A child’s young life is filled with new experiences. There are those firsts, like the first taste of ice cream or the first sight of an ocean. There are special memories, like a fifth birthday or skating on a frozen lake. There are many new discoveries, like visiting the zoo or learning how to read.
This fleeting season is like a passing breeze in the evening compared to the rest of a child’s life, but it is precious to form their young spirits. These weeks and months are rich with the potential for spiritual formation.
As a pastor for family discipleship and children’s ministries, I see how open children’s hearts often are, with a kind of eagerness to learn that is distinct to childhood. Our part as parents is to nurture their hearts toward Christ through prayer, God’s word, and patient love, while trusting the Spirit to minister to them as only he can. We cannot change our children’s hearts. But we can welcome the Spirit’s work as we join him in exalting the name of Jesus Christ in our homes.
How God Moves Before Conversion
Picture five draft horses harnessed together, steadily pulling a plow. Those five strong horses represent five graces that I have seen the Spirit often use to draw souls to Jesus. When applied to children, these graces can patiently nurture and till the soil of a child’s heart, even before regeneration. I have given these five graces names: drawing grace, leading grace, understanding grace, displaying grace, and paying-attention grace. Each grace has a distinct theme, with some overlap, and each is filled with extraordinary potential.
Jesus says, “No one can come to me unless the Father who sent me draws him. . . . It is the Spirit who gives life” (John 6:44, 63). The theme of drawing grace is life in Jesus. What are the various ways the Spirit may draw, one step at a time, a young soul closer to Christ?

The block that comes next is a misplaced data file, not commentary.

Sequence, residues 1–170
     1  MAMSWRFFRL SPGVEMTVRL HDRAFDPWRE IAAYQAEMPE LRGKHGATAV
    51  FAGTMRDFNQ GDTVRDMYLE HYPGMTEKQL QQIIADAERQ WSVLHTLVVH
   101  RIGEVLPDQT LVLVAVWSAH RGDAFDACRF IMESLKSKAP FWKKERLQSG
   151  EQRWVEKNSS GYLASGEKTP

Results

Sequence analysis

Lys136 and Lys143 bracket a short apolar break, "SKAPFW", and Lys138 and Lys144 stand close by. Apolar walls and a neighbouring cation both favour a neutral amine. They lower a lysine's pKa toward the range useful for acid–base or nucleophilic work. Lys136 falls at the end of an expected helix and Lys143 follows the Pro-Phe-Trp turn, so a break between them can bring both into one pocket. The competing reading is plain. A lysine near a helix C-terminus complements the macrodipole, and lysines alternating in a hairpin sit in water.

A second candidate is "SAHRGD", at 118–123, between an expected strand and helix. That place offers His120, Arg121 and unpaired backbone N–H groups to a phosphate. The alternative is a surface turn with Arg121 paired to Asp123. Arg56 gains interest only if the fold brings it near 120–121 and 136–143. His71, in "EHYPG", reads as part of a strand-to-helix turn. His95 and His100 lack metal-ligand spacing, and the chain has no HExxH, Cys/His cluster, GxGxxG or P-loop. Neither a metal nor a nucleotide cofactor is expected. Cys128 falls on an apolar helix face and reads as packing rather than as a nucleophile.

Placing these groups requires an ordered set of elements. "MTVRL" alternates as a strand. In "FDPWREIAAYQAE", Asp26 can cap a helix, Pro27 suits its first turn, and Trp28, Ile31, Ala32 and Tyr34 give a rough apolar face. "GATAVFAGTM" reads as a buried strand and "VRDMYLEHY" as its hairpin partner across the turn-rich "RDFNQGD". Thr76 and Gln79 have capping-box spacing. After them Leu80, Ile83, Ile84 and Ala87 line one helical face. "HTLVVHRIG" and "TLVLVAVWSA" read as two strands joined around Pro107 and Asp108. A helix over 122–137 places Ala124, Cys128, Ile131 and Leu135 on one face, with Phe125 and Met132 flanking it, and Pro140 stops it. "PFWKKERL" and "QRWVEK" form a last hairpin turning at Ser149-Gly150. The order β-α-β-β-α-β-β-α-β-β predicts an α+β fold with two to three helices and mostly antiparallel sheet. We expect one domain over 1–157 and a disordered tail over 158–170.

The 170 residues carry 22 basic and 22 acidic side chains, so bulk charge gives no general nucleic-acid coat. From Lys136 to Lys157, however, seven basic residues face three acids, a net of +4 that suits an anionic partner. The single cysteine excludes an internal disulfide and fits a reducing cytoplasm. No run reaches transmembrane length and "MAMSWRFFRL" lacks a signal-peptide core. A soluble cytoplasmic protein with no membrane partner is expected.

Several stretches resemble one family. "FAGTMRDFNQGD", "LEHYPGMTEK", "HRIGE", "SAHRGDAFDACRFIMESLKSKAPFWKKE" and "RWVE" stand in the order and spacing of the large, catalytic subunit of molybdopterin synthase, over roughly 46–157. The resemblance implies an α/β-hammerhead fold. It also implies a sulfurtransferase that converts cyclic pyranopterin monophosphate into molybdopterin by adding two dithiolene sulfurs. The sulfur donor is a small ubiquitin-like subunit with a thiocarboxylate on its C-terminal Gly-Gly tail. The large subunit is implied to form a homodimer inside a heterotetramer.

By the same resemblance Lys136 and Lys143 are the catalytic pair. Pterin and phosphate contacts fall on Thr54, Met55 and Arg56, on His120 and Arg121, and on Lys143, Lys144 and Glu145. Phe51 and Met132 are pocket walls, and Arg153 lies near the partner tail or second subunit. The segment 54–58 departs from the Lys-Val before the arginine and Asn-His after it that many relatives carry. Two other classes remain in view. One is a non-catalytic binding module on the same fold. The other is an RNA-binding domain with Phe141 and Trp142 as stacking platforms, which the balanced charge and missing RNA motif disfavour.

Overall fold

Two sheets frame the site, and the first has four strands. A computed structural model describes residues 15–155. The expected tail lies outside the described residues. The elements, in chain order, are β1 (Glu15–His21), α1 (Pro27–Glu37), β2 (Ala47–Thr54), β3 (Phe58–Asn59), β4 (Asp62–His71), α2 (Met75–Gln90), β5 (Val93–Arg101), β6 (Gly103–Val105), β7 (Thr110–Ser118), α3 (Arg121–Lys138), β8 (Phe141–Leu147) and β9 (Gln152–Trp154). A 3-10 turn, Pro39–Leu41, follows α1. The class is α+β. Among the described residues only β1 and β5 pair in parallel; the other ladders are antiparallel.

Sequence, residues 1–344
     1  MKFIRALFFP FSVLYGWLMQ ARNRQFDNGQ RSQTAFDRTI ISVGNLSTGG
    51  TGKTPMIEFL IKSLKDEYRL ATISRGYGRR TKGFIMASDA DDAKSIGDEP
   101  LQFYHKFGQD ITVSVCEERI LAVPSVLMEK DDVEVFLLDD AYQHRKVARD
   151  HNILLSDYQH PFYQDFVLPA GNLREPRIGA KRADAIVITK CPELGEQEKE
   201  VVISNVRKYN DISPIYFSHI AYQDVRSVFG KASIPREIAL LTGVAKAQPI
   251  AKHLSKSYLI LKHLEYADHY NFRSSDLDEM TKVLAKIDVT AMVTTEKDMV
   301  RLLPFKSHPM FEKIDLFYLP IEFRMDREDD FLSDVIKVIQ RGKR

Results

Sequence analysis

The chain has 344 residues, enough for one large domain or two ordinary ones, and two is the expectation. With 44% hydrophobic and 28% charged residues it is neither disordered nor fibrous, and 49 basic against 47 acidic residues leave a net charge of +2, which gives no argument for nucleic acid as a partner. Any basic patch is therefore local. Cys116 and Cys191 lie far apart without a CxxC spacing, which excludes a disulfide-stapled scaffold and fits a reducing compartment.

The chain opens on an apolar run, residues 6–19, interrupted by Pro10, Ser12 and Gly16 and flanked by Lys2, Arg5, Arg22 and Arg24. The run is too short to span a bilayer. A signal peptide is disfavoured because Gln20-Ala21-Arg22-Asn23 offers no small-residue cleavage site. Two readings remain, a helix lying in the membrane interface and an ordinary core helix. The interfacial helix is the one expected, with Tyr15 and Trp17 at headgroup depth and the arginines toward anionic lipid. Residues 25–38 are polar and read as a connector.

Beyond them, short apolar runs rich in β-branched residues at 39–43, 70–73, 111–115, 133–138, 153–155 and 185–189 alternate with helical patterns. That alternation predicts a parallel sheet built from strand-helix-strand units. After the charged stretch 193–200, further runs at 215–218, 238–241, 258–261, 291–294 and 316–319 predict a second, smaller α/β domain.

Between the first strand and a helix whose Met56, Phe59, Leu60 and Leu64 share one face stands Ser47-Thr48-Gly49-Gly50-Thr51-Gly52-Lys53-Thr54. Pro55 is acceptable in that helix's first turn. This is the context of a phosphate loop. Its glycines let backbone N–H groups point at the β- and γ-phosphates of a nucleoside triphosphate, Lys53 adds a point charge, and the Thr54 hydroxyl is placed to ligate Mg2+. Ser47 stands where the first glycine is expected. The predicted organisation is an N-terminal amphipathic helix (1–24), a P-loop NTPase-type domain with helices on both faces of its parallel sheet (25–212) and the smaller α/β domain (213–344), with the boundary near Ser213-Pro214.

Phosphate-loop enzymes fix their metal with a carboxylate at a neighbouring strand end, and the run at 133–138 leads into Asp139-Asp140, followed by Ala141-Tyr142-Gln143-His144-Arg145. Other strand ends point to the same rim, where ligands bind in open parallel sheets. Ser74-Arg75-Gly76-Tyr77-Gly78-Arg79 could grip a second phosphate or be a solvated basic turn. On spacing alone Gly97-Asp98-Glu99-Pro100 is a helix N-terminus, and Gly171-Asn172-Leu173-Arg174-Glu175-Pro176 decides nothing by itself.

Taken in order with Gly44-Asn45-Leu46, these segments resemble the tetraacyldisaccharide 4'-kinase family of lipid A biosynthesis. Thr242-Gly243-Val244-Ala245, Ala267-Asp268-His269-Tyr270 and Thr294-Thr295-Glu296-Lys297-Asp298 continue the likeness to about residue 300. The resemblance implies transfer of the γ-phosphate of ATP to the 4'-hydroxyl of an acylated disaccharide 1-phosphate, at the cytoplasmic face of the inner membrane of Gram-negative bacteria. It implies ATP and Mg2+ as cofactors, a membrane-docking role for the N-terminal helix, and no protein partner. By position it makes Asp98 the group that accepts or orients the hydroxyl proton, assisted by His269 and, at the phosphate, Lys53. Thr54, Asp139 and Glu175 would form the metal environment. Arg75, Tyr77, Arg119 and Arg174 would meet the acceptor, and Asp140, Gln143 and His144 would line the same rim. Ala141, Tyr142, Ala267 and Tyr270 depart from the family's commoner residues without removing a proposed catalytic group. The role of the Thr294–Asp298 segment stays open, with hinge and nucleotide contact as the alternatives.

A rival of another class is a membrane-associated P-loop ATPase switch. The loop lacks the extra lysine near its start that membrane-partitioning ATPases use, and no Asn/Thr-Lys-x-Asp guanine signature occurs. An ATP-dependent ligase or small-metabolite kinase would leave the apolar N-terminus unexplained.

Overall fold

Every moment of a child’s life, every situation and relationship, can become a place where the Spirit is moving. He does not wait to tend to a heart at the point of regeneration. Consider the following as examples of the countless ways he uses “the normal” in our children’s lives:
- A mother’s song overheard by a child in the womb
- A warm embrace by dad as he prays a blessing on a second birthday
- Overheard confession and forgiveness between a mom and a dad
- The winsome heralding of a preacher on Sunday morning
- Simple prayers offered by grandparents over their grandchildren
- A kind word from a Sunday school teacher
The Spirit is often on the move in the normal routines of a child’s life, even before regeneration. We have the privilege of being alert to this daily Spirit-wrought work, which will lead us to join Paul in learning to “pray without ceasing” (1 Thessalonians 5:17). Drawing grace calls us to live and pray by the Spirit in the familiar and mundane.
Paul says, “Do you presume on the riches of his kindness and forbearance and patience, not knowing that God’s kindness is meant to lead you to repentance?” (Romans 2:4).
The theme of leading grace is the kindness of God — kindness that is intended to bring the gift of repentance (2 Timothy 2:25). Let us ask the Father in Jesus’s name for such a gift, and then with his help guide our children in a way that is in step with his leading.
As we lead our children with kindness, especially during moments of merciful correction, we can cultivate the spiritual formation of our children before regeneration. May we see discipline through this lens and foster a home environment of kindness, patience, and love.
Again, Paul writes,
Now we have received not the spirit of the world, but the Spirit who is from God, that we might understand the things freely given us by God. . . . The natural person does not accept the things of the Spirit of God, for they are folly to him, and he is not able to understand them because they are spiritually discerned. (1 Corinthians 2:12, 14)